As it is impossible, " says Dr. Doddridge, "certainly to determine which is the seventh day from the creation; and as, in consequence of the spherical form of the earth, and the absurdity of the scheme which supposes it one great plain, the change of place will necessarily occasion some alteration in the time of the beginning and ending of any day in question, it being always at the same time, somewhere or other, sun- rising and sun-setting, noon and midnight, it seems very unreasonable to lay such a stress upon the particular day as some do. It seems abundantly sufficient that there be six days of labour and one of religious rest, which there will be upon the Christian and the Jewish scheme." As the sabbath is of divine institution, so it is to be kept holy unto the Lord. Numerous have been the days appointed by men for religious services; but these are not binding, because of human institution. Not so the sabbath. Hence the fourth commandment is ushered in with a peculiar emphasis
"Remember that thou keep holy the sabbath day." This institution is wise as to its ends: That God may be worshipped; man instructed; nations benefited; and families devoted to the service of God. It is lasting as to its duration. The abolition of it would be unreasonable; unscriptural, Exodus 31:13; and every way disadvantageous to the body, to society, to the soul, and even to the brute creation. It is, however, awfully violated by visiting, feasting, indolence, buying and selling, working, woeldly amusements, and travelling. "Look into the streets, " says bishop Porteus, "on the Lord's day, and see whether they convey the idea of a day of rest. Do not our servants and our cattle seem to be almost as fully occupied on that day as on any other? And, as if this was not a sufficient infringement of their rights, we contrive by needless entertainments at home, and needless journeys abroad, which are often by choice and inclination reserved for this very day, to take up all the little remaining part of their leisure time.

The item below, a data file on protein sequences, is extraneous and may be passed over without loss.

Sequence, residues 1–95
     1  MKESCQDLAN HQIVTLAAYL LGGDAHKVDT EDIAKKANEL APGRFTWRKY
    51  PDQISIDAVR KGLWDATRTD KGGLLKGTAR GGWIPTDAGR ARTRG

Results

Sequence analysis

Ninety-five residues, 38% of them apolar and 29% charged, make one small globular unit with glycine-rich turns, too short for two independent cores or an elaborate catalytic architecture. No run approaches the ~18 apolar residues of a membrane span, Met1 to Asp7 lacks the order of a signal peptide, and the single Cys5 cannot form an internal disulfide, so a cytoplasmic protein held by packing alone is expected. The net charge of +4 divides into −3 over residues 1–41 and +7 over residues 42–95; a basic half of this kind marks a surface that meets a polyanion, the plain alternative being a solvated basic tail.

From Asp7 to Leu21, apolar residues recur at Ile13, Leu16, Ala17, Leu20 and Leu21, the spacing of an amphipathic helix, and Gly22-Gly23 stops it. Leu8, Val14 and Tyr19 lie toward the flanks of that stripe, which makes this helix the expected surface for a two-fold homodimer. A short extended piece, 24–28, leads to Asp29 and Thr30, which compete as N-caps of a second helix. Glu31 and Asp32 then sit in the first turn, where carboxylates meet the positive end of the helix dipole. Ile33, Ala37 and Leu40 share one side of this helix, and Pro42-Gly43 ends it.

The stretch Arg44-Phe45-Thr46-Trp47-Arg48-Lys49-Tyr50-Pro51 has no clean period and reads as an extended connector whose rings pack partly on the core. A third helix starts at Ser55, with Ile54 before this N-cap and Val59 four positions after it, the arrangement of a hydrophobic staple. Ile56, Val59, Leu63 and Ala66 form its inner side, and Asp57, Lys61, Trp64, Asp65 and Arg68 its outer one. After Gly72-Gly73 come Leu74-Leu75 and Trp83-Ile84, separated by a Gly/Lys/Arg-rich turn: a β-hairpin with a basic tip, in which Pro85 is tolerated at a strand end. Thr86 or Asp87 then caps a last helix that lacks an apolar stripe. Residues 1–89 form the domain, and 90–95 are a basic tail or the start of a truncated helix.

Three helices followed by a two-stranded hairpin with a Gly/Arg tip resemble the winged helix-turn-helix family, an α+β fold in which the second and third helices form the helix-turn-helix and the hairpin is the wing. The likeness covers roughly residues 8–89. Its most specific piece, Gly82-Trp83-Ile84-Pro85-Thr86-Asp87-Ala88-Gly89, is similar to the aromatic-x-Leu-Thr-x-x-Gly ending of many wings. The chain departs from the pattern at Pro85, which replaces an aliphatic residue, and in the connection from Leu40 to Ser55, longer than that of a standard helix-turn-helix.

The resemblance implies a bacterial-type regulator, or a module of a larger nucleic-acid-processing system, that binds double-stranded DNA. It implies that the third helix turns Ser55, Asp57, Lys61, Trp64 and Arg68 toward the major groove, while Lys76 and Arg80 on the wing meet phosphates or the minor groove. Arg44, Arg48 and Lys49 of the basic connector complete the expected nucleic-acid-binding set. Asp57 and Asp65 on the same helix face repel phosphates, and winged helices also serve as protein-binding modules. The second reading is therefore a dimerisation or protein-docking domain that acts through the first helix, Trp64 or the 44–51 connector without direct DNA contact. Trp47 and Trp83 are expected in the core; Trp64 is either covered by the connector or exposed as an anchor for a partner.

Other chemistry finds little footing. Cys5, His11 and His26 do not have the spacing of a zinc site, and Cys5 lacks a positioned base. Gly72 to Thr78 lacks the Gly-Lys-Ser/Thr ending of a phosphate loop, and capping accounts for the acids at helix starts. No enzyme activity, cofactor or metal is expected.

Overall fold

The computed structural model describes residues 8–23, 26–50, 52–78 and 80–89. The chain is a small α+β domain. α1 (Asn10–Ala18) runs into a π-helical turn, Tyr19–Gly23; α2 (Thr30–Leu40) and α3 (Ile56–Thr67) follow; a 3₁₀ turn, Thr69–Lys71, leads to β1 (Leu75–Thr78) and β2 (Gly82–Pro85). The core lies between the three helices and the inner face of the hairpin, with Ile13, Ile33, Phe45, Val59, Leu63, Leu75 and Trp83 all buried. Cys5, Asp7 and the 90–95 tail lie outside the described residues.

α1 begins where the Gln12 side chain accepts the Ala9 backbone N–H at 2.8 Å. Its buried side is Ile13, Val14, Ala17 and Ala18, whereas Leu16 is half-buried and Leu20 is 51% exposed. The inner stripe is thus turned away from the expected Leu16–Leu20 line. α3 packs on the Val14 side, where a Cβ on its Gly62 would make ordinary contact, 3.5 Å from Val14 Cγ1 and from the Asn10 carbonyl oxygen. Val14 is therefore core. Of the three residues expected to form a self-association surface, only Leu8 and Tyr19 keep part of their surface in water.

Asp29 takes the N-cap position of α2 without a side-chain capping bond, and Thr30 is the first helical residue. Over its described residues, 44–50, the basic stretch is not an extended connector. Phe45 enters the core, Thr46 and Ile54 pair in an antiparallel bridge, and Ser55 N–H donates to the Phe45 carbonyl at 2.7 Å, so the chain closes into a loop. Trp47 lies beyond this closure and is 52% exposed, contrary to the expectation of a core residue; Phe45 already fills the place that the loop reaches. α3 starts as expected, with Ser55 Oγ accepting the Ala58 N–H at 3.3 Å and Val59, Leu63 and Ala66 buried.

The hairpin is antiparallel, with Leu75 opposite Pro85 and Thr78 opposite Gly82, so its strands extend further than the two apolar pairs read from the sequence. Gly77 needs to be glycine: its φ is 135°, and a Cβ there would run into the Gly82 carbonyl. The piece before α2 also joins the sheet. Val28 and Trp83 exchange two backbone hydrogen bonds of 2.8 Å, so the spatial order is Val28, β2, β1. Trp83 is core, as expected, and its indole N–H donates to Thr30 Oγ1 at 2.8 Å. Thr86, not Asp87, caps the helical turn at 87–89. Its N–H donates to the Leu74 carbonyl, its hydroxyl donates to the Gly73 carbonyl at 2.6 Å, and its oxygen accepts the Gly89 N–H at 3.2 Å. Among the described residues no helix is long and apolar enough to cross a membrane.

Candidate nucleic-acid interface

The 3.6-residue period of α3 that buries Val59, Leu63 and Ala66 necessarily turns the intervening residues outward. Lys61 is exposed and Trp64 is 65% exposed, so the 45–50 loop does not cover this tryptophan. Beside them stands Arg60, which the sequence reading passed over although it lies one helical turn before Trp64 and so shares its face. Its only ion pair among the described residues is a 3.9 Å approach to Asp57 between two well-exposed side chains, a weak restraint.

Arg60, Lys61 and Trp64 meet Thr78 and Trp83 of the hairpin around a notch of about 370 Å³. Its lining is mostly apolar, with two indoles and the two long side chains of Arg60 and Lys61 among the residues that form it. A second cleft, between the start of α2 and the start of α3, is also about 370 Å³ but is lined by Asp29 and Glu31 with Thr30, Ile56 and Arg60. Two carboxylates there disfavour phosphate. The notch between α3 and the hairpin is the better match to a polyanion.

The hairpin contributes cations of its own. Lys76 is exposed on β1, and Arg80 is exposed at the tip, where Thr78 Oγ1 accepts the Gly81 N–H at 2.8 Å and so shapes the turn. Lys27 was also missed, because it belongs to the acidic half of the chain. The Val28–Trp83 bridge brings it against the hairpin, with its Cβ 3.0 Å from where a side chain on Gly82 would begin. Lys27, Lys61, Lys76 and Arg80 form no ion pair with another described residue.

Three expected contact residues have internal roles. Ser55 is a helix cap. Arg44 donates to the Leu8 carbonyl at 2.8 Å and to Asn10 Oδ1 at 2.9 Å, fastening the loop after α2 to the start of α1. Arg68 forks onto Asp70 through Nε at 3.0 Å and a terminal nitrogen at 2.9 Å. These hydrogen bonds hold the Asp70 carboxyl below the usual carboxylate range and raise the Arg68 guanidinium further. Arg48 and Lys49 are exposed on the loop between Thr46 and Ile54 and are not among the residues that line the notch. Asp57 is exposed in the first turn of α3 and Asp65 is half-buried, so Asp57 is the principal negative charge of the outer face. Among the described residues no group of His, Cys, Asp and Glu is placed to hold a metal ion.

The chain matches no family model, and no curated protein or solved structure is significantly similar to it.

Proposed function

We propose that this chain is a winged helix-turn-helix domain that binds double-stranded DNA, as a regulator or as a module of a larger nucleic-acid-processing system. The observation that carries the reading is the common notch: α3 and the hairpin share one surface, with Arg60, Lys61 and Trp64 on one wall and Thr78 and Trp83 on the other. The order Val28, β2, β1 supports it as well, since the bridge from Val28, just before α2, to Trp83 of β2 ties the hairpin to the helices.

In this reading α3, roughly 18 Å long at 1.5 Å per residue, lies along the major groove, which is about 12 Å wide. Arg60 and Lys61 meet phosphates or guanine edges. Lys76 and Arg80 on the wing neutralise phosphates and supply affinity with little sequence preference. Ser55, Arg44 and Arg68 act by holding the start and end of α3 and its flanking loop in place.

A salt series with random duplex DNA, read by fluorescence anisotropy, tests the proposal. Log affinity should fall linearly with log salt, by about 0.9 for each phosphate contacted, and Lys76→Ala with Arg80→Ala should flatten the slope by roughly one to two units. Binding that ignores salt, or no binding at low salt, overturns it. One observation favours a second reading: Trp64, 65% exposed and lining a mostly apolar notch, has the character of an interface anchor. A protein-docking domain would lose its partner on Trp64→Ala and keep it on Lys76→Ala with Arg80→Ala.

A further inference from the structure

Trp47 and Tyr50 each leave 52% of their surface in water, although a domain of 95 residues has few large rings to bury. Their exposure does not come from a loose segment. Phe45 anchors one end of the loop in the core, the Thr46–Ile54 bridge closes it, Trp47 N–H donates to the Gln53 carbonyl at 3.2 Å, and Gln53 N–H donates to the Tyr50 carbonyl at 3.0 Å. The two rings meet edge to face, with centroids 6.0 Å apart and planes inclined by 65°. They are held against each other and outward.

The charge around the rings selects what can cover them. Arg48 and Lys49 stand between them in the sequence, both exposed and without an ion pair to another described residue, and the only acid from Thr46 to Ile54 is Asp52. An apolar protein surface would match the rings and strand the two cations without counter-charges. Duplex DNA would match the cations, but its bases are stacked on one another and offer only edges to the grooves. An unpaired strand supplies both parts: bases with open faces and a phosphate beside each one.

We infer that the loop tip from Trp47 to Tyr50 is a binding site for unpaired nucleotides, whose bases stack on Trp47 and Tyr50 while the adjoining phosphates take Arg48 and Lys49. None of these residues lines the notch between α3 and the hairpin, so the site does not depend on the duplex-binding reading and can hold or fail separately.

A sabbath day's journey was among the Jews a proverbial expression for a very short one; among us it can have no such meaning affixed to it. That day seems to be considered by too many as set apart, by divine and human authority, for the purpose not for rest, but of its direct opposite, the labour of travelling, thus adding one day more of torment to those generous but wretched animals whose services they hire; and who, being generally strained beyond their strength the other six days of the week, have, of all creatures under heaven, the best and most equitable claim to suspension of labour on the seventh." These are evils greatly to be lamented; they are an insult to God, an injury to ourselves, and an awful example to our servants, our children, and our friends. To sanctify this day, we should consider it,
1. A day of rest; not indeed, to exclude works of mercy and charity, but a cessation from all labour and care.
2. As a day of remembrance; of creation, preservation, redemption.
3. As a day of meditation and prayer in which we should cultivate communion with God, Revelation 1:10 .
4. As a day of public worship, Acts 20:7 . John 20:19 .
5. As a day of joy, Is. 56: 2. Psalms 118:24 .
6. As a day of praise, Psalms 116:12; Psalms 116:14 .
7. As a day of anticipation; looking forward to that holy, happy, and eternal sabbath that remains for the people of God.
See Chandler's two Sermons on the Sabbath; Wright on the Sabbath; Watts's Hol. of Times and Places; Orton's Six Discourses on the Lord's Day; Kennicott's Ser. and Dial. on the Sabbath; Bp. Porteus's Sermons, ser. 9. vol. 1.; Watts's Sermons, ser. 57. vol. 1:; S. Palmer's Apology for the Christian Sabbath; Kennicott on the Oblations of Cain and Abel, p. 184, 185.
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Buck, Charles. Entry for 'Sabbath'. Charles Buck Theological Dictionary. https://www.studylight.org/dictionaries/eng/cbd/s/sabbath.html. 1802.